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Math Help - a derivative and 1 limit

  1. #1
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    a derivative and 1 limit

    Hello everyone,
    i'm having my exam tomorrow, now doing homework and trying to solve some problems. Here are two that are too hard for me . If anyone could help me solve it...
    Any help will be appreciated

    1 is to find derivative.
    \cos\sqrt{x^2+y^2}=\sin^2x+(\frac{1}{y})
    i've done this:
    \cos\sqrt{x^2+y^2}-\sin^2x-(\frac{1}{y})=0
    then trying to find derivatives of each part

    part 1
    (\cos\sqrt{x^2+y^2})'=-\sin\sqrt{x^2+y^2}*(\sqrt{x^2+y^2})'=
    =-\sin\sqrt{x^2+y^2}*\frac{1}{2\sqrt{x^2+y^2}}*(x^2+  y^2)'=
    =-\frac{\sin\sqrt{x^2+y^2}}{2\sqrt{x^2+y^2}}*(2x*2y)
    part 2 (-\sin^2x)'= can't remember this
    part 3 (\frac{1}{y})'=-\frac{1}{y^2}

    2 limit. \lim_{x\to\infty}(\frac{3x-1}{2x+3})^x not even know how to start
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  2. #2
    MHF Contributor matheagle's Avatar
    Joined
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    Quote Originally Posted by wanqwer View Post
    Hello everyone,
    i'm having my exam tomorrow, now doing homework and trying to solve some problems. Here are two that are too hard for me . If anyone could help me solve it...
    Any help will be appreciated

    1 is to find derivative.
    \cos\sqrt{x^2+y^2}=\sin^2x+(\frac{1}{y})
    i've done this:
    \cos\sqrt{x^2+y^2}-\sin^2x-(\frac{1}{y})=0
    then trying to find derivatives of each part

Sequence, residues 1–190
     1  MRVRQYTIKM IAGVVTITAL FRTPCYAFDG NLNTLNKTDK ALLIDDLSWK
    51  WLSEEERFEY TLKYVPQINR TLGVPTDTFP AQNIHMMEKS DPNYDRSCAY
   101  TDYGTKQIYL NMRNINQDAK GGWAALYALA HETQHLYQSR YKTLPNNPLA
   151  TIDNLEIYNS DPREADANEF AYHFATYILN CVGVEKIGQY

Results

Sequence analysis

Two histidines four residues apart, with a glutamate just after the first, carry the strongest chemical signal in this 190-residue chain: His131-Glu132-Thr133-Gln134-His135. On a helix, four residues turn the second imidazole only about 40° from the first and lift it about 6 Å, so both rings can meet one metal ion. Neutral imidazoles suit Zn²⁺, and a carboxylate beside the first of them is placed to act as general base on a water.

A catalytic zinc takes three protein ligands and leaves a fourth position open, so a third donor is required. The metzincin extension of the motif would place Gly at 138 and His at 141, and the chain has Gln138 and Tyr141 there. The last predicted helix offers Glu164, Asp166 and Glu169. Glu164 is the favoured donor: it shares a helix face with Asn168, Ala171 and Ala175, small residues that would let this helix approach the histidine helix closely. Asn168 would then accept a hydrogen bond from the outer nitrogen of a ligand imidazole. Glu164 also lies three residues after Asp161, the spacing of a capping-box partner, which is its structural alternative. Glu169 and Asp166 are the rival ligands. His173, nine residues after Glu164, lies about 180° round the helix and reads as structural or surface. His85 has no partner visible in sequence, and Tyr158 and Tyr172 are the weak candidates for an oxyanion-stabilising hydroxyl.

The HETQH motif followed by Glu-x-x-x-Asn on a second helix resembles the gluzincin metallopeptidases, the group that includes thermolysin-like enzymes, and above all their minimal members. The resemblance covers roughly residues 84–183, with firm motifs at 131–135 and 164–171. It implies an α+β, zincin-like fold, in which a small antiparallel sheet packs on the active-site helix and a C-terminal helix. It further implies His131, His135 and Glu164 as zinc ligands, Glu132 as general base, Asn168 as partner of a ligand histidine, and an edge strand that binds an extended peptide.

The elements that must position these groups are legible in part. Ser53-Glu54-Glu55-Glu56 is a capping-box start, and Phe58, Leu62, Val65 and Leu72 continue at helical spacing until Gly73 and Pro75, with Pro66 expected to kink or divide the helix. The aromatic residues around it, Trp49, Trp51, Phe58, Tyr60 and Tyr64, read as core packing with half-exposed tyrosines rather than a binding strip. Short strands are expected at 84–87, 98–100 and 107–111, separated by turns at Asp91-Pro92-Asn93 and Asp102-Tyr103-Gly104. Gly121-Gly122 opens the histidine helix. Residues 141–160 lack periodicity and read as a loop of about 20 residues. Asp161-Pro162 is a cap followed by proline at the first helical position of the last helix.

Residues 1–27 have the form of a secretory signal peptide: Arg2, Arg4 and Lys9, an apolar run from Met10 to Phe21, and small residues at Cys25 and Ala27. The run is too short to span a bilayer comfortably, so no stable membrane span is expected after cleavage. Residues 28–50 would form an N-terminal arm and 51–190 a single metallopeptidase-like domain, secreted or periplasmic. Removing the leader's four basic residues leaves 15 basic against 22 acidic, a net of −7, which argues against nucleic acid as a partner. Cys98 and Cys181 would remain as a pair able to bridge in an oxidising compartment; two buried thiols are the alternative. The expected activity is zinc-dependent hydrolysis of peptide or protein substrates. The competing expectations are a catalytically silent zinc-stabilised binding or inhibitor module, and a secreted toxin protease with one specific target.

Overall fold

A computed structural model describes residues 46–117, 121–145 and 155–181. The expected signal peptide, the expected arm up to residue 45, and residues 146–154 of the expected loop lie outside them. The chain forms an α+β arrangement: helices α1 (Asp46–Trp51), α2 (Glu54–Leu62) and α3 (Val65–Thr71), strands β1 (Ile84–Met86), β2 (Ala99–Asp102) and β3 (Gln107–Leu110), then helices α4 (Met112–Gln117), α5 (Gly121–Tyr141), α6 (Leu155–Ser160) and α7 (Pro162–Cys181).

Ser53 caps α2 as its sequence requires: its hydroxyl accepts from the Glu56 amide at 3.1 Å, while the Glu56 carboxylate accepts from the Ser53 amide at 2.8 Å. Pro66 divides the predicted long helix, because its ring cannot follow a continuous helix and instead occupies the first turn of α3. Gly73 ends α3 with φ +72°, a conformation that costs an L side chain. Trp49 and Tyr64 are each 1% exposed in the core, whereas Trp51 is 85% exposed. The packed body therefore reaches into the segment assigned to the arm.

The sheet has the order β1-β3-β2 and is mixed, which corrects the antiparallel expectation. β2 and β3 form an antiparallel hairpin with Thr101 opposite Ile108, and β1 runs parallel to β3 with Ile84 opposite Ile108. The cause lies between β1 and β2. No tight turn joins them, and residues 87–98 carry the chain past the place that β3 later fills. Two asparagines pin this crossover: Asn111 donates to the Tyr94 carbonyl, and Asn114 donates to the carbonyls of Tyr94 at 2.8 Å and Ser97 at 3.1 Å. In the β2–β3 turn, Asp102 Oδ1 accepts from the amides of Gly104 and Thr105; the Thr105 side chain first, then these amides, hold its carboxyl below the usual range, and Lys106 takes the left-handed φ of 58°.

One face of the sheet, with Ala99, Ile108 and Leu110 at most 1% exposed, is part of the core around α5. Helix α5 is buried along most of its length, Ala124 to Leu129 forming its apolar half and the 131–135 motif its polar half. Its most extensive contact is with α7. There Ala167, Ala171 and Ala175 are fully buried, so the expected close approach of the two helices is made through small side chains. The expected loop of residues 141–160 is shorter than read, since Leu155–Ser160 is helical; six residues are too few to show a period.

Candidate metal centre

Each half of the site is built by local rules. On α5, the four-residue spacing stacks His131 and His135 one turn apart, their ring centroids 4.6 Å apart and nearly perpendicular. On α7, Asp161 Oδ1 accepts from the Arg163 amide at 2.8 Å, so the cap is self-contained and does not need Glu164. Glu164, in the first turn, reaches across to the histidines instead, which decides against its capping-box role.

part 1 (\cos\sqrt{x^2+y^2})'=-\sin\sqrt{x^2+y^2}*(\sqrt{x^2+y^2})'=
    =-\sin\sqrt{x^2+y^2}*\frac{1}{2\sqrt{x^2+y^2}}*(x^2+  y^2)'=
    =-\frac{\sin\sqrt{x^2+y^2}}{2\sqrt{x^2+y^2}}*(2x*2yy  ')
    part 2 (-\sin^2x)'= can't remember this
    part 3 (\frac{1}{y})'=-\frac{1}{y^2}

    2 limit. \lim_{x\to\infty}(\frac{3x-1}{2x+3})^x not even know how to start

    The first problem is your notation.
    By ' I'm assuming you mean {d\over dx}
    So when you differentiate x wrt s you get one, but when you differentiate
    y wrt x you get {dy\over dx} and not 1.
    NOTE.... I inserted that y' just now in my copy of your solution to 1

    (-\sin^2x)'=-2(\sin x)^1(\cos x)=-\sin (2x)

    (\frac{1}{y})'=-\frac{1}{y^2}{dy\over dx} UNLESS the prime means {d\over  dy}.

    For \lim_{x\to\infty}(\frac{3x-1}{2x+3})^x
    you can divide inside the () and get (1+...).
    BUt it's better to learn how to do this by scratch.
    Let y=(\frac{3x-1}{2x+3})^x, then take log's of both sides, that pulls down the exponent x.
    Work on this and I'll check it later.
    The point to this problem is to make it into a fraction and apply L'Hopitals' Rule.
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